By: Costas Bocelli — May 14, 2020
Time to Hedge? Here’s How to Do It…
The bear market rally has been impressive.
Take the S&P 500, the primary benchmark index for U.S. Equities.
It’s gained more than +34% since making a low of 2,191 back on March 23rd.
Recently, the S&P 500 has traded up to the 2,933 level.
(Click any image to enlarge)
It did so in late-April, and again earlier in this trading week. But we now see sellers re-emerging and the forces of supply gaining strength.
And it’s no coincidence that the rally is being repelled at or around 2,933 in the index. Why?
It’s because 2,933 represents a significant price point. From the February peak to the March trough, this level represents a 61.8% retracement of the decline.
Fibonacci Retracement levels are often used to indicate horizontal lines of support or resistance that are likely to occur. And a 61.8% retracement is a doozy!
As we mentioned, the S&P 500 has rallied more than +34% off of the lows. The index is market-cap weighted. So stocks that carry a higher market-capitalization hold more influence than stocks that have a smaller market-capitalization.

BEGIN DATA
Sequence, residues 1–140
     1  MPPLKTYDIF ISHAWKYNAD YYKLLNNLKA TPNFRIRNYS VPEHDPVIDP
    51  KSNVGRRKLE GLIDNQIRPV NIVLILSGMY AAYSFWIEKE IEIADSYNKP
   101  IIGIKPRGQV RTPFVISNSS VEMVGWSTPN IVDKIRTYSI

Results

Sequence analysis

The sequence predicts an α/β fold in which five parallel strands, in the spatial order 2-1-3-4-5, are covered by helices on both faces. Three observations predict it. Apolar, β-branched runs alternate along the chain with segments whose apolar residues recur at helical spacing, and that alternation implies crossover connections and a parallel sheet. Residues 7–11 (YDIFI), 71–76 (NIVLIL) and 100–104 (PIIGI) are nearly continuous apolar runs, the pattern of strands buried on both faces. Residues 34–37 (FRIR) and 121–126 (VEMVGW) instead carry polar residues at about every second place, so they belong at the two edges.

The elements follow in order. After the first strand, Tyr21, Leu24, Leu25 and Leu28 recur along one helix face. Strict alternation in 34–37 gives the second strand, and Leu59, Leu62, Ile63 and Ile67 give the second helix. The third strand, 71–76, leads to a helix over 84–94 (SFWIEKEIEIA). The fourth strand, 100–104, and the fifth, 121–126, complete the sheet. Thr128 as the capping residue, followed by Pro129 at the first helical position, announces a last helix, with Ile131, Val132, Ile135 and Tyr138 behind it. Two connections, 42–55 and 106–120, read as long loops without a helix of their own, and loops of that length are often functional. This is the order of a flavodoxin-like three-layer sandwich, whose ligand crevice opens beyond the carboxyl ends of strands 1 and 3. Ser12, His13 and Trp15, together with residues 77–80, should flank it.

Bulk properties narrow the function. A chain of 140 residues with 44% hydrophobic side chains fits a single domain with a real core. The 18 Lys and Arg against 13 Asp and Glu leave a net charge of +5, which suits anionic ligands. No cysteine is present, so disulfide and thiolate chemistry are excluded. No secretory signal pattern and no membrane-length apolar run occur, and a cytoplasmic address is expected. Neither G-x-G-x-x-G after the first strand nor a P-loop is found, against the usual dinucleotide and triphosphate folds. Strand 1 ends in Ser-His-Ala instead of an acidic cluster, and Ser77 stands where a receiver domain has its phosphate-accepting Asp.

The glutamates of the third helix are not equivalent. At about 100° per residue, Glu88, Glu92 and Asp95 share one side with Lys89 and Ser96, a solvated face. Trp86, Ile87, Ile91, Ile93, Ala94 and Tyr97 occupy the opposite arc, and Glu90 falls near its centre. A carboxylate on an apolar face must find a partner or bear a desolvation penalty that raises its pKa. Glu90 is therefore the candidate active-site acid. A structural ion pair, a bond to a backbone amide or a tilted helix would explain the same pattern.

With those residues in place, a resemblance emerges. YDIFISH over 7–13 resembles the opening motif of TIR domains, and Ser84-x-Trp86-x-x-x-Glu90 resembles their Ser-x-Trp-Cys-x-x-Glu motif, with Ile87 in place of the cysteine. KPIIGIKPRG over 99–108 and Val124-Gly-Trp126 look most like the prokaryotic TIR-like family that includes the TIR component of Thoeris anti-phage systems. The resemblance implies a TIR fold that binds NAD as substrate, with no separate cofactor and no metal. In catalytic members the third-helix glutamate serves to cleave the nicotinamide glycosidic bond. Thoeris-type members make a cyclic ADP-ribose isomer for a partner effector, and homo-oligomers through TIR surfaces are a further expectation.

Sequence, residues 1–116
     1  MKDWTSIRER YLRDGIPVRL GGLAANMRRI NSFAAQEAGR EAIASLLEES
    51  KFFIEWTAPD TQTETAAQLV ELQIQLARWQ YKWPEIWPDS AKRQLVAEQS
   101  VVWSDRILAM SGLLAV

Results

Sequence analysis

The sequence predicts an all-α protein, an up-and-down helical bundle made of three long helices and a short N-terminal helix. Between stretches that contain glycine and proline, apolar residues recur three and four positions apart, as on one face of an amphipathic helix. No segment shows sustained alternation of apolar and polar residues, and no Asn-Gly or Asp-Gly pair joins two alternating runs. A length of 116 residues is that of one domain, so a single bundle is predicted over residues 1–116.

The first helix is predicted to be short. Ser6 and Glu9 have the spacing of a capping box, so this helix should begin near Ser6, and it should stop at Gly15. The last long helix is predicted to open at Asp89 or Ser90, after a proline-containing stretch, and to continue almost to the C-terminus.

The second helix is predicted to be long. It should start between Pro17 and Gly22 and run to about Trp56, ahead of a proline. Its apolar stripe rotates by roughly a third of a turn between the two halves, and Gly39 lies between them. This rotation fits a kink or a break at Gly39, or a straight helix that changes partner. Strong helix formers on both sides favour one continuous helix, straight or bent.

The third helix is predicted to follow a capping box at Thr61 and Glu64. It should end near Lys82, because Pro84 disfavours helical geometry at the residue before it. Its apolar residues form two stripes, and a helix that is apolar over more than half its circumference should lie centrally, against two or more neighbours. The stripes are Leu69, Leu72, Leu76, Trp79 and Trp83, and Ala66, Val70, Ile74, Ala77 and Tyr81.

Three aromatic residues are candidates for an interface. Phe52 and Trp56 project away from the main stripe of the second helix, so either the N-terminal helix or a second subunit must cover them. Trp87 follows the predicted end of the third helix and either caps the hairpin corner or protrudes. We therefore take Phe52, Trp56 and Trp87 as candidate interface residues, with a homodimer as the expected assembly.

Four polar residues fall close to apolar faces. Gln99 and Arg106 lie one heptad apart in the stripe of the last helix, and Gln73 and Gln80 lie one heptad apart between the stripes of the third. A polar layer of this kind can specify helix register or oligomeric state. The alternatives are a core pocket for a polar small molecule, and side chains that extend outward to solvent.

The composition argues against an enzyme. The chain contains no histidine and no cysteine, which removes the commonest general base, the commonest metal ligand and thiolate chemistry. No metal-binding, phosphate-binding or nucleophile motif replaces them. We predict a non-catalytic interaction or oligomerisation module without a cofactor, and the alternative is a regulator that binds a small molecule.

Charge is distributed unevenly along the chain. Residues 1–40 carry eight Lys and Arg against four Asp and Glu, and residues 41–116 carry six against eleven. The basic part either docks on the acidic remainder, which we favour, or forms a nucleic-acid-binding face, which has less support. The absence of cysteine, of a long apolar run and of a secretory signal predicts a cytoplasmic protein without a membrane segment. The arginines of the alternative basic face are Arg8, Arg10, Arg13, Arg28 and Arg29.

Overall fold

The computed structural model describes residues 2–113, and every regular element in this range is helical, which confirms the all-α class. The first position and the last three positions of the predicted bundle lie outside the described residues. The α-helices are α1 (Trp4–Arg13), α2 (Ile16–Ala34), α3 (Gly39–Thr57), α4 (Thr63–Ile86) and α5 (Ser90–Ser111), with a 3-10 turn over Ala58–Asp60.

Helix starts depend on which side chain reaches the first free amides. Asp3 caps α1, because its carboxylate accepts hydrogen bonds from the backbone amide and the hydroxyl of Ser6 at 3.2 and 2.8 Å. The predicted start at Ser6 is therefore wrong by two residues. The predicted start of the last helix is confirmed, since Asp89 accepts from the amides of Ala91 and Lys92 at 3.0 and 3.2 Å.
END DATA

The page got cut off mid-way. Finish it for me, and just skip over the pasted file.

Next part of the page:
And let me tell you that the majority of the gain in the S&P 500 has come from just a handful of stocks. I’m talking about the mega-cap stocks, often referred to as the “Generals” of the stock market.
Think Apple (AAPL), Amazon.com (AMZN), Microsoft (MSFT) and Alphabet (GOOGL) and you’re on the right track.
Each of these four companies has a market-cap in excess of $1 trillion.
It’s these four stocks and a handful of other large-cap growth stocks from the Technology sector that are responsible for most of the heavy lifting off of the March lows.
To put it in perspective, have a look at the performance of the Nasdaq 100 ETF (QQQ) to that of the Russell 2000 ETF (IWM) since the start of the year.
The Russell 2000 index is comprised of small-cap companies. Most of the companies have a market capitalization under $3 billion. These small-cap stocks are often referred to as the “soldiers” of the stock market.
Typically, in a healthy advance you’d find the soldiers leading the bulls into battle. But it’s been quite the opposite with this advance. Here we find the Generals doing the bulk of the fighting on the front lines.